The primary purpose of washers is to distribute the load evenly. They are most often kept between the screw head and the sheet surface or between a nut and the sheet surface to be tightened. Another purpose is to retain the screw in a vertical position with compressive force because screw threads may cut into sheet edge if there is lateral movement of the screw while tightening. Washers may also be used as spacers to fill the gap between the screw head and sheet surface if required.
Some of the commonly used washers are as follows:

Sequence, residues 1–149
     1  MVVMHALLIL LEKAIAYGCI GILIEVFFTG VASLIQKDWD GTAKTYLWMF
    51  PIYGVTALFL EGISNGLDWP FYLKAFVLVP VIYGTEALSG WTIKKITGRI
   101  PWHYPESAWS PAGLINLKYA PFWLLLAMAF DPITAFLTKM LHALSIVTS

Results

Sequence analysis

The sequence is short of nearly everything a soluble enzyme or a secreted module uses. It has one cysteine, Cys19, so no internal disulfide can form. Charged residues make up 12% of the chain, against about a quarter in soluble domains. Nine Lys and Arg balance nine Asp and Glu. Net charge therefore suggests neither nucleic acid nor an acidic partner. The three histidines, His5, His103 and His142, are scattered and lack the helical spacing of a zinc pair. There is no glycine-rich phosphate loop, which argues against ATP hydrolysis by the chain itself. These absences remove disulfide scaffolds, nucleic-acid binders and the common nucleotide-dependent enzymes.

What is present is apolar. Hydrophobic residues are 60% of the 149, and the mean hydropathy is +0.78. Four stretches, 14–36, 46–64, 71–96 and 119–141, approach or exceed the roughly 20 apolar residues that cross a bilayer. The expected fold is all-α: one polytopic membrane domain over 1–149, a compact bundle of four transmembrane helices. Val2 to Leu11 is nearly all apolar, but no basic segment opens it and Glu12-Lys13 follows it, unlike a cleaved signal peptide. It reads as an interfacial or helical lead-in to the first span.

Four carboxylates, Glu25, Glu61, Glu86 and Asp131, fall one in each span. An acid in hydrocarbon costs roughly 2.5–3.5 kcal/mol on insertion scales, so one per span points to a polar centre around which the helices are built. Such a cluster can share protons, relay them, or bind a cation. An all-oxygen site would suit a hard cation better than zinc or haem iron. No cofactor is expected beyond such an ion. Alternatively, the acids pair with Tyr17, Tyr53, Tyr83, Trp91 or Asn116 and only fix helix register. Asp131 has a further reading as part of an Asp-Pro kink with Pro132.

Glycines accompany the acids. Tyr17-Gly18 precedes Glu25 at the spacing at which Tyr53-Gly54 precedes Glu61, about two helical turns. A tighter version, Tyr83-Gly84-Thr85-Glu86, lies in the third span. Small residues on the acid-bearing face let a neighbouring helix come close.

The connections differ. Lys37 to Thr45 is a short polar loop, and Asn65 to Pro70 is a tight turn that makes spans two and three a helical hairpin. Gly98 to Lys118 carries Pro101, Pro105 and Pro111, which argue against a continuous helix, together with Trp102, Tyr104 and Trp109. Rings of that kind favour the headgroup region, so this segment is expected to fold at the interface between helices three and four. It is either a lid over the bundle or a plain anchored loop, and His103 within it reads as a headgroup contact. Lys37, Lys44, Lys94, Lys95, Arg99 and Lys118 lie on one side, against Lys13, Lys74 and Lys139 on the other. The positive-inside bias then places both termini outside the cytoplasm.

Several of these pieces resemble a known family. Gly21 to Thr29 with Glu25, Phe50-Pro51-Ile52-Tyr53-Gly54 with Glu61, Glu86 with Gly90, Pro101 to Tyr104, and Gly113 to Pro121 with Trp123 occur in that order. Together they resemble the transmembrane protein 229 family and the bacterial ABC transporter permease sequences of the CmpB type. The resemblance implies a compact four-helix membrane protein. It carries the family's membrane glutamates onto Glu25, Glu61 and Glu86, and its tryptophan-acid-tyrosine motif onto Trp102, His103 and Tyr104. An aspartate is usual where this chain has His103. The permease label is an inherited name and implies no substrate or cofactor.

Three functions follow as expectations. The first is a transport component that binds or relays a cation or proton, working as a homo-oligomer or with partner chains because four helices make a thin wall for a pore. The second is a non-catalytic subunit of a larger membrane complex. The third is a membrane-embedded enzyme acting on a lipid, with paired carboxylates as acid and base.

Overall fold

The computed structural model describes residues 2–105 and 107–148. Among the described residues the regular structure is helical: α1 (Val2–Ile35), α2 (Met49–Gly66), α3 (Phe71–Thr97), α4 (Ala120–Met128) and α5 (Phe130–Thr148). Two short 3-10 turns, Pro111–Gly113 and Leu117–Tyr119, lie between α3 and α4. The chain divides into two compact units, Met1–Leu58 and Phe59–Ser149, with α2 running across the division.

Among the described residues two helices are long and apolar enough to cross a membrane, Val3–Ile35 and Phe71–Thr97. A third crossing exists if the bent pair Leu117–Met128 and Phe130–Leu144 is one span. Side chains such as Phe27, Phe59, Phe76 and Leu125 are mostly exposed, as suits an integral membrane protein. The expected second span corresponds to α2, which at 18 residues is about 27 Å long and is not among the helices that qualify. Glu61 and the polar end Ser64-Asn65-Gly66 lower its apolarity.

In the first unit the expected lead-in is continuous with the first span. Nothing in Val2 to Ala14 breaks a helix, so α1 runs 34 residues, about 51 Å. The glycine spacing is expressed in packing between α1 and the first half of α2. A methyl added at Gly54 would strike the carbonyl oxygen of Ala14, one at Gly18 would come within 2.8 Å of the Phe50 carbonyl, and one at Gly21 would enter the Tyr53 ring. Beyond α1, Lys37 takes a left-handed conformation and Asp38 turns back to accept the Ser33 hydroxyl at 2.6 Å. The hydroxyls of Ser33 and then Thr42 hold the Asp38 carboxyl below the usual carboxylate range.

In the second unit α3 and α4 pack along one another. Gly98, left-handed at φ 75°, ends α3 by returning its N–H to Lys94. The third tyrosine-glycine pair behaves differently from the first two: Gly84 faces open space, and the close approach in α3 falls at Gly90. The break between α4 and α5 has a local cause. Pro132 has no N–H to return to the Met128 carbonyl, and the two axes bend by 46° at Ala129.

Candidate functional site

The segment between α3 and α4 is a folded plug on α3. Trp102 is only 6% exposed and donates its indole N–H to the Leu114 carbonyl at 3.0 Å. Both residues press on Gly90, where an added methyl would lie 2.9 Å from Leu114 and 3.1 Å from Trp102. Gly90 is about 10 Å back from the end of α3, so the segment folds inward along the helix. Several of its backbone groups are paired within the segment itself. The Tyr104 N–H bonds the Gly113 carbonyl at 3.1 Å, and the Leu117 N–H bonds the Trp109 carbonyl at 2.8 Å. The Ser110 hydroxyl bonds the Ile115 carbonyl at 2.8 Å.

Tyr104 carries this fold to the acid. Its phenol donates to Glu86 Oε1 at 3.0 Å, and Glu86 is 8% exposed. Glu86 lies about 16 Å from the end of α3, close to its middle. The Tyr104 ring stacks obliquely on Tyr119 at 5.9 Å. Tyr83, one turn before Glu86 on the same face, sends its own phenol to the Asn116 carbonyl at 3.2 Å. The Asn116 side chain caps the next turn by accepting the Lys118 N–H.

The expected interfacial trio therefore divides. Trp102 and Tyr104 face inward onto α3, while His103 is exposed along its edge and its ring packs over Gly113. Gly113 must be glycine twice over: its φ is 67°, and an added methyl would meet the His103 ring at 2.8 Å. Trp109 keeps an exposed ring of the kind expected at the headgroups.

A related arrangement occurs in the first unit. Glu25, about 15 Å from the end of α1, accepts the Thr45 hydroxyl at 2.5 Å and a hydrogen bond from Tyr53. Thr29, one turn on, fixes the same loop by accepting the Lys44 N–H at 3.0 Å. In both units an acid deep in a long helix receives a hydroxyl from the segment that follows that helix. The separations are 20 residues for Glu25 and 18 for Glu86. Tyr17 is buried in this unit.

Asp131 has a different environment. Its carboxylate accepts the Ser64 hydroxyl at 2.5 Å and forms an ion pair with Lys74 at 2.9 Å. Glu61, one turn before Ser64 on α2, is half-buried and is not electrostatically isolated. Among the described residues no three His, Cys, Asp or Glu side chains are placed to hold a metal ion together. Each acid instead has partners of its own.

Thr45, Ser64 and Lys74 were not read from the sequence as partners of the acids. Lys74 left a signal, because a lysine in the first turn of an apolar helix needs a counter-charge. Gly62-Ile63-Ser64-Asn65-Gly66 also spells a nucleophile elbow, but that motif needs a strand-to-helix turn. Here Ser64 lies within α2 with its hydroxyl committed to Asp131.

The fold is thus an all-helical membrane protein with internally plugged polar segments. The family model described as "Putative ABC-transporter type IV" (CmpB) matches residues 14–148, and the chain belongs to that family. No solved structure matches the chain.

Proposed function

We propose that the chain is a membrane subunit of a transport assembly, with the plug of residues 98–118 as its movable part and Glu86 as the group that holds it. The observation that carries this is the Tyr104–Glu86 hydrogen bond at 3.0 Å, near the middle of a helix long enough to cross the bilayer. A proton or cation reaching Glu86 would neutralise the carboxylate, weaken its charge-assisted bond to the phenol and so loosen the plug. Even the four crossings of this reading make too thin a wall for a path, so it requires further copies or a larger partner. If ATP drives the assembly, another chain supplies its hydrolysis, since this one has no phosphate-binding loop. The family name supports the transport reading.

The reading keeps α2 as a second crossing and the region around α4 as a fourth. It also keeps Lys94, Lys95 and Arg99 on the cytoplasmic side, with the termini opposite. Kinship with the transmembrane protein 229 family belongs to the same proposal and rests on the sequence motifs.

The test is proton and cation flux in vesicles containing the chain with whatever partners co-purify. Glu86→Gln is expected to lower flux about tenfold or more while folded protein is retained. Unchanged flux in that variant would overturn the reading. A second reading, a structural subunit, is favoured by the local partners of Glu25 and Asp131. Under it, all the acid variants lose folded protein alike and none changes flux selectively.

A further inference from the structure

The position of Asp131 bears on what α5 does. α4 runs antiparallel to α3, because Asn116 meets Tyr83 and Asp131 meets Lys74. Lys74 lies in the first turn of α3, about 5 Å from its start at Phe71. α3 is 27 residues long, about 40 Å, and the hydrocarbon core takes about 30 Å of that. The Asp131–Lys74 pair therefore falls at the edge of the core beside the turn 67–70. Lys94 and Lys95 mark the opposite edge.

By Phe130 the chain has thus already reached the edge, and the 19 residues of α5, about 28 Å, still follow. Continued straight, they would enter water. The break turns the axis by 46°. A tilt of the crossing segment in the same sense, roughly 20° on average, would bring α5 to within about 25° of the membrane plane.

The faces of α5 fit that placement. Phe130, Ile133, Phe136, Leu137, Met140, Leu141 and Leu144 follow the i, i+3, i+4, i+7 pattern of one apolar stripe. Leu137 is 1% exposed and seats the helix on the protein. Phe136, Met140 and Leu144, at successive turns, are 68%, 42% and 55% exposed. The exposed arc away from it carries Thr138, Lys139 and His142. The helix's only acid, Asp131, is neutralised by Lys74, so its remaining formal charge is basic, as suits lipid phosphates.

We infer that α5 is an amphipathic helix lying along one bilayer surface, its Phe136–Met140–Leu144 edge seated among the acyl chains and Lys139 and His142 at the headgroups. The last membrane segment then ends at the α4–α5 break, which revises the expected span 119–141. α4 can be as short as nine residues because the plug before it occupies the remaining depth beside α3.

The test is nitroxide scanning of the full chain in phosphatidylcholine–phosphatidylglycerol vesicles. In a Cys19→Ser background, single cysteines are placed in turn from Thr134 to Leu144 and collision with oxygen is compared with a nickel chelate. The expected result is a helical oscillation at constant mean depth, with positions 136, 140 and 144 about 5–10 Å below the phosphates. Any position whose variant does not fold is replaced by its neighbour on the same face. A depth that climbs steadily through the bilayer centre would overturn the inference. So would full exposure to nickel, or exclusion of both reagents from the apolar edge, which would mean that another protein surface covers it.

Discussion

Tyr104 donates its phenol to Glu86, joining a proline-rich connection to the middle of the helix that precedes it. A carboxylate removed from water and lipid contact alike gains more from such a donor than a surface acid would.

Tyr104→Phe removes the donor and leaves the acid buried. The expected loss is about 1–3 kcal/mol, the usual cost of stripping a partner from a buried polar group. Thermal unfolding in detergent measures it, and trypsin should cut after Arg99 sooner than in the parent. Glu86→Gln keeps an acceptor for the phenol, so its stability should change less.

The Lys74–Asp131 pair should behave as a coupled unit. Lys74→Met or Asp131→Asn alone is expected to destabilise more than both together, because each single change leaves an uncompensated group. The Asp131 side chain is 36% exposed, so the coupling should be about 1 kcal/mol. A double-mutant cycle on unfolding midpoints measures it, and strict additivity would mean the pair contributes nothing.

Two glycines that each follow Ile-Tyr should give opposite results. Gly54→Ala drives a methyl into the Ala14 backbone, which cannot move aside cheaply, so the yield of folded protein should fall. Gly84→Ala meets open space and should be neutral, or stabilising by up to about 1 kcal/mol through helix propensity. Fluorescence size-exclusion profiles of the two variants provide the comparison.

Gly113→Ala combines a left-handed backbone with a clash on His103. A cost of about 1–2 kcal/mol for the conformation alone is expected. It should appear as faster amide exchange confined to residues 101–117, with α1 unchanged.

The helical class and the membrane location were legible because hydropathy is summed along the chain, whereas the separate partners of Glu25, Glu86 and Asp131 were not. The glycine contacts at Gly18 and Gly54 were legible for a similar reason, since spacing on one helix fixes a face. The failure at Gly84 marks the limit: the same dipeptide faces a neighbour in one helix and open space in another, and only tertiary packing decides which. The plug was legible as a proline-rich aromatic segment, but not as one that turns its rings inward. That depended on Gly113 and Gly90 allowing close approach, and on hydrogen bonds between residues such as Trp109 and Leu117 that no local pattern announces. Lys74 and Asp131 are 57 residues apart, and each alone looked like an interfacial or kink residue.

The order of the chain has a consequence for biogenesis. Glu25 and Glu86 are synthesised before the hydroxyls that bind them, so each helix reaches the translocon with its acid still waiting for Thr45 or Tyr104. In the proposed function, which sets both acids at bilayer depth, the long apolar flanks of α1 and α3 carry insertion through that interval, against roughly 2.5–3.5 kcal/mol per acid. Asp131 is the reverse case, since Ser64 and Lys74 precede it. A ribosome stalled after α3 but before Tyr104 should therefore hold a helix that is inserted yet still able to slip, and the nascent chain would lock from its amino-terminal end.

Plain Washers or flat washers are the most commonly used washers to distribute the load evenly onto the mating surface. The Cup washer has a slightly conical shape which provides an axial force when deformed. A curved washer is curved in only one direction, enabling four-point contacts under pressure. Spring washers have a helix shape and allow the thread to be tightened by the nut in one direction only. Further, the raised edge bites into the underside of the bolt or nut and the part that it is bolted to, thus resisting turning. A serrated washer has radial serrations which bite into softer material to cause a locking washer effect. They also provide effective bonding with electrical grounding components. A tab washer is a locking washer with a side tab that can be bent into place against a nut. A Grommet washer has multiple sharp teeth integrated within a cup washer. These teeth dig into softer materials and remain in place even if the fastener is withdrawn. Damping washers have softer materials to act as dampers against vibrations as well to prevent seepage of liquids.